Jumping down to the third row on Safari is quite easy, but the kind of space provided might not be the best in the segment. Although the adjustable second-row does provide an option of extending the leg space. The headspace, on the other hand, has been kept ample. Moreover, the last row gets a number of convenience and utility features such as dedicated air vents, bottle holder, USB charger, and more. Also, as mentioned previously, the glass area for the third is wide and doesn't let the last passengers feel they are running out of view.
How about the boot?
Opening up the tailgate reveals that the boot space might not be enough in all seats up configuration, but getting the last seats down frees up 447 litre of space which is more than adequate. The only thing that concerns me is the tailgate which doesn't have a proper handgrip slot for opening the door.
How is it to drive?
So the Safari sources power from the same 2-litre Turbocharged diesel engine which is also found on the Harrier. To put the numbers, it delivers 170 PS and 350 Nm of peak torque. The transmission options include a 6-speed automatic as well as a manual gearbox.
The engine in the current 170 PS format was introduced by Tata last year and it is indeed a lovely powertrain. It picks up pace in no time and is a delight to drive irrespective of the road conditions. Also, its predicable-yet-exhilarating power delivery makes you feel safe when overtaking or engaging in a sporty drive.
I got a chance to drive both the manual as well as automatic transmission, and found both equally charming. But the effortless shifting on the automatic kept me at ease, while I could focus more on the road ahead.
Like the Harrier, even the Safari is based on Tata’s OMEGARC platform which contributes to its driving dynamics. What needs to be remembered is that the Safari is heavier than its donor model, and the company has to work harder to keep the dynamics in check at high speeds and around the corners, and to my surprise, I think Tata has done a good job in this department.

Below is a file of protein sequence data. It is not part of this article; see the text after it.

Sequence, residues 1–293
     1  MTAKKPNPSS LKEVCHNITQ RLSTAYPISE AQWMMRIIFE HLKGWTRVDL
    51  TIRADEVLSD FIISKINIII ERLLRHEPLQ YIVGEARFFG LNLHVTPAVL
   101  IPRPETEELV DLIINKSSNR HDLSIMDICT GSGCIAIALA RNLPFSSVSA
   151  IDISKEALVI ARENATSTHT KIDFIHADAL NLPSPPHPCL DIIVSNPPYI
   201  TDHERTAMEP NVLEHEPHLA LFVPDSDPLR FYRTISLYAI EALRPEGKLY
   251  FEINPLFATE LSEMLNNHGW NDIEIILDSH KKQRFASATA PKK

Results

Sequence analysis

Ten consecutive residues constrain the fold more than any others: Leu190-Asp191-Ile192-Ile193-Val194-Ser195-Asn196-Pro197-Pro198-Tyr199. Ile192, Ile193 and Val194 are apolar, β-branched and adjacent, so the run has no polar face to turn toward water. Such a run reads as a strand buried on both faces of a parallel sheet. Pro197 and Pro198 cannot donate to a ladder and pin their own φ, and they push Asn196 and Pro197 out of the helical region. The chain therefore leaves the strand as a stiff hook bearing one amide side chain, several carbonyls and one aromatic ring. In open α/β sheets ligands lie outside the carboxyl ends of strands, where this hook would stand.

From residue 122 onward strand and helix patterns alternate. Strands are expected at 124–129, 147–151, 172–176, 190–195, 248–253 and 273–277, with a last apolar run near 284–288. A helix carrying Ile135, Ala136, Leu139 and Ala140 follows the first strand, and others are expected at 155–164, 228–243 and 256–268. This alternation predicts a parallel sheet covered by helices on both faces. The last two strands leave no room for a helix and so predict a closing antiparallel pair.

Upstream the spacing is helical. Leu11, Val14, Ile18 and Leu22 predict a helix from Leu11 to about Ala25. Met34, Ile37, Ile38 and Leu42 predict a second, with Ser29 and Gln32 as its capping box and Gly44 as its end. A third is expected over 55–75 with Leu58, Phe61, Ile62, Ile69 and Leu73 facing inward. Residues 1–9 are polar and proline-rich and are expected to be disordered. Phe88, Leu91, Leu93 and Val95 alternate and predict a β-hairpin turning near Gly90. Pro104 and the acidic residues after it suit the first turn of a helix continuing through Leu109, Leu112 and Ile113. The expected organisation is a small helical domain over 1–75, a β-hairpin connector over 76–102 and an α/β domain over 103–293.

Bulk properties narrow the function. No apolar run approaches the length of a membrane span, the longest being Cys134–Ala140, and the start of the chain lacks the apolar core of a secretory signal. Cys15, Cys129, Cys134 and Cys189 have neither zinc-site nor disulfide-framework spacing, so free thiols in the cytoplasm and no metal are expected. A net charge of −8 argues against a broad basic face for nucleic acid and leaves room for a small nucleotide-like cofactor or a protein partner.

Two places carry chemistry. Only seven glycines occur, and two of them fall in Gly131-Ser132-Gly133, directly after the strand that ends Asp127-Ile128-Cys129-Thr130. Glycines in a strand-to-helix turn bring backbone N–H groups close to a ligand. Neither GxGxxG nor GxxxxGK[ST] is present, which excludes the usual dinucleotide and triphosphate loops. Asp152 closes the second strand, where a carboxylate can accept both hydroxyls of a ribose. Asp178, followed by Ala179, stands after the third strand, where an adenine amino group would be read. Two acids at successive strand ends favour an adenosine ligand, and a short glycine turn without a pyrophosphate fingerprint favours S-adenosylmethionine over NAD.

Tata claims that it has maintained the balance between performance and comfort and I wouldn’t disagree. The Safari feels stable at high speeds and equally direct and connected around the corners. At the same time, the suspension setup feels to have the right amount of stiffness and damping to maintain composure. The body roll is well under control for a 7-seater which is impressive.
The Safari also gets Terrain Response Modes and there is also a dedicated Sport mode which changes the engine mapping for a more aggressive drive. While all of this looks nice and fancy, what’s perhaps missed is the 4x4 mode, which is close to the hearts of SUV enthusiasts.
The final words:
With the Safari, Tata has tried to evoke the emotional connection there is around this iconic nameplate. The new car cleverly picks up the right elements from its technical cousin and comes out using them as its own. But what it has missed out on the way is its distinctive and unique set of elements that once gave the Safari a legendry stature in the world of SUVs.
Leaving that aside, the 2021 Safari ticks all the right boxes for a customer looking for a 7-seater SUV that not only looks impressive but also drives well. Moreover, it is definitely a practical and comfort-oriented car for your family. If you think missing the 4x4 feature isn’t a big deal, then Safari is indeed a worthy option to consider in its space.
But that said, how much of the 'original Safari DNA' is left in the 2021 model, still has a question mark to it.